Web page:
Sometimes that happens at the end of a tank gun …

Links:

{1} http://www.defenseone.com/technology/2016/05/how-pentagon-preparing-tank-war-russia/128460/?oref=DefenseOneTCO

{2} http://www.politico.com/magazine/story/2016/04/moscow-pentagon-us-secret-study-213811?o=1

{3} http://www.thepotomacfoundation.org/

{4} http://fas.org/man/dod-101/sys/land/fascam.htm

{5} https://en.wikipedia.org/wiki/Invasion_of_Dagestan

{6} http://www.haaretz.com/news/diplomacy-defense/idf-armor-defense-system-foils-attack-on-tank-for-first-time-1.346526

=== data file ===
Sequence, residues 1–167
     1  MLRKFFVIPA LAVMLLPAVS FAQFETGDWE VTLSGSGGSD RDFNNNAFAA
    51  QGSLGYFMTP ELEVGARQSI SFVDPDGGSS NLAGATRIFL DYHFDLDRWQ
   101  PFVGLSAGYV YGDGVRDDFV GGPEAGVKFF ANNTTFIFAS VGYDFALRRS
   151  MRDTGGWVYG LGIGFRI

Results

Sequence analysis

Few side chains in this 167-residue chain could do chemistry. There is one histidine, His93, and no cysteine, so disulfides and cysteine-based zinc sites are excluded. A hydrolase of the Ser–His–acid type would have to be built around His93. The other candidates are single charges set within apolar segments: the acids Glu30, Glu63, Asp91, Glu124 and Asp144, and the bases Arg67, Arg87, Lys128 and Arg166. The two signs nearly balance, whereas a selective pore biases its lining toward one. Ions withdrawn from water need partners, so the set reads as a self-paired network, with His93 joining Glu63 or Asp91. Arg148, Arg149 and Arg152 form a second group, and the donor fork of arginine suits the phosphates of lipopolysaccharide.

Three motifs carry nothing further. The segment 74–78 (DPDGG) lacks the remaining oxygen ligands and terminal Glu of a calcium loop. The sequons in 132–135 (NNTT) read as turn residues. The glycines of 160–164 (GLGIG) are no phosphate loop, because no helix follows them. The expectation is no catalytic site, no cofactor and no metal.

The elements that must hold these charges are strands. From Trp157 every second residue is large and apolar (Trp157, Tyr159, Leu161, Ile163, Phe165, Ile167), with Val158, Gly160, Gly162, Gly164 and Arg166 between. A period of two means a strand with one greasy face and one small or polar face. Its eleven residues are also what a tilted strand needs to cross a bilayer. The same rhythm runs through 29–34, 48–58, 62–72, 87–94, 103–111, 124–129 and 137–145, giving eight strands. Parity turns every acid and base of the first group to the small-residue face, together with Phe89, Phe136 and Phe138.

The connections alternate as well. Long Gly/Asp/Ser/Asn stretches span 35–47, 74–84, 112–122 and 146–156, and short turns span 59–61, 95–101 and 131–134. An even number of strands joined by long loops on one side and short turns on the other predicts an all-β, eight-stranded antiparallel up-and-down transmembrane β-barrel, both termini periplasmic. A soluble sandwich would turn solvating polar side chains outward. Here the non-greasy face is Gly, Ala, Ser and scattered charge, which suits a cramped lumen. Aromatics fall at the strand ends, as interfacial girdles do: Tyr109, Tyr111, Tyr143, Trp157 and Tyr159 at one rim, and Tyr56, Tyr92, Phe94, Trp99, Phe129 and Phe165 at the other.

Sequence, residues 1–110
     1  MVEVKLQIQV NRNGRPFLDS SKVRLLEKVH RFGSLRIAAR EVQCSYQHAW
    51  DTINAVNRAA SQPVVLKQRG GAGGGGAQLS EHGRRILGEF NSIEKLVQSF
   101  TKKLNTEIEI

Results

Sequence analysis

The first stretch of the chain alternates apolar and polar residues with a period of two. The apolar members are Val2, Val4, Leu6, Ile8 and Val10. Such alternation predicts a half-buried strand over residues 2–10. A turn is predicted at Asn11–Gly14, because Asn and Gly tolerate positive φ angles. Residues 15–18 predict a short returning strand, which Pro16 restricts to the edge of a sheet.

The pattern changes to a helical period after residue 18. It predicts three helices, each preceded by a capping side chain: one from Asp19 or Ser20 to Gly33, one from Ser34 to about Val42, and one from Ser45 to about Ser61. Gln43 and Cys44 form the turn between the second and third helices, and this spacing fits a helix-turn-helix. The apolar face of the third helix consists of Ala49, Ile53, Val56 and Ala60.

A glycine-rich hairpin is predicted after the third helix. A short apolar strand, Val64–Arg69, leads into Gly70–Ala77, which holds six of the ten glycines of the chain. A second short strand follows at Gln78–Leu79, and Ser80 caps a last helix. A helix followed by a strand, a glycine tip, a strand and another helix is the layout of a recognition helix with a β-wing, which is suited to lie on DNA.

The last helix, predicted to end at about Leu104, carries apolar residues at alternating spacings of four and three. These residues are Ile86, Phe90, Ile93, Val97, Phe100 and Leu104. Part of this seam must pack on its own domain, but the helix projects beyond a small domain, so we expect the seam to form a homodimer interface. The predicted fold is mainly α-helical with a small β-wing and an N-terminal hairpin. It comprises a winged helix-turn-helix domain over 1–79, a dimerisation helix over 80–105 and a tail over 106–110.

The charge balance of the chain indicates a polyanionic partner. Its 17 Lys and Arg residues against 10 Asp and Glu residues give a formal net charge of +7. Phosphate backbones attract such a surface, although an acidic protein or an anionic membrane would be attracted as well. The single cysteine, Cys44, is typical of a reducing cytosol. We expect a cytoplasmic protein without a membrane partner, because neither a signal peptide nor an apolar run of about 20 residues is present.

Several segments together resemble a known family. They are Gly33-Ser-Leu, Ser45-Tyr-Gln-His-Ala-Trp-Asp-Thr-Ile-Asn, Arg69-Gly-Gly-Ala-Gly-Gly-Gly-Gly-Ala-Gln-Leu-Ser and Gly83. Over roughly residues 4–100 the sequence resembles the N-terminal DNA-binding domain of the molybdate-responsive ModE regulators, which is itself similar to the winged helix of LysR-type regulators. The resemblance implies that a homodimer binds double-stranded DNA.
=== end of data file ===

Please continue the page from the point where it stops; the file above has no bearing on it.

{7} http://www.defenseone.com/technology/2015/03/ukraine-tomorrows-drone-war-alive-today/107085/?oref=search_Drone%20war%20of%20tomorrow

{8} https://en.wikipedia.org/wiki/Multiple_Launch_Rocket_System

{9} http://foreignpolicy.com/2015/02/19/say-it-aint-so-phil-ukraine-russia-open-source-analysis/

http://www.zerohedge.com/news/2016-06-26/how-pentagon-preparing-tank-war-russia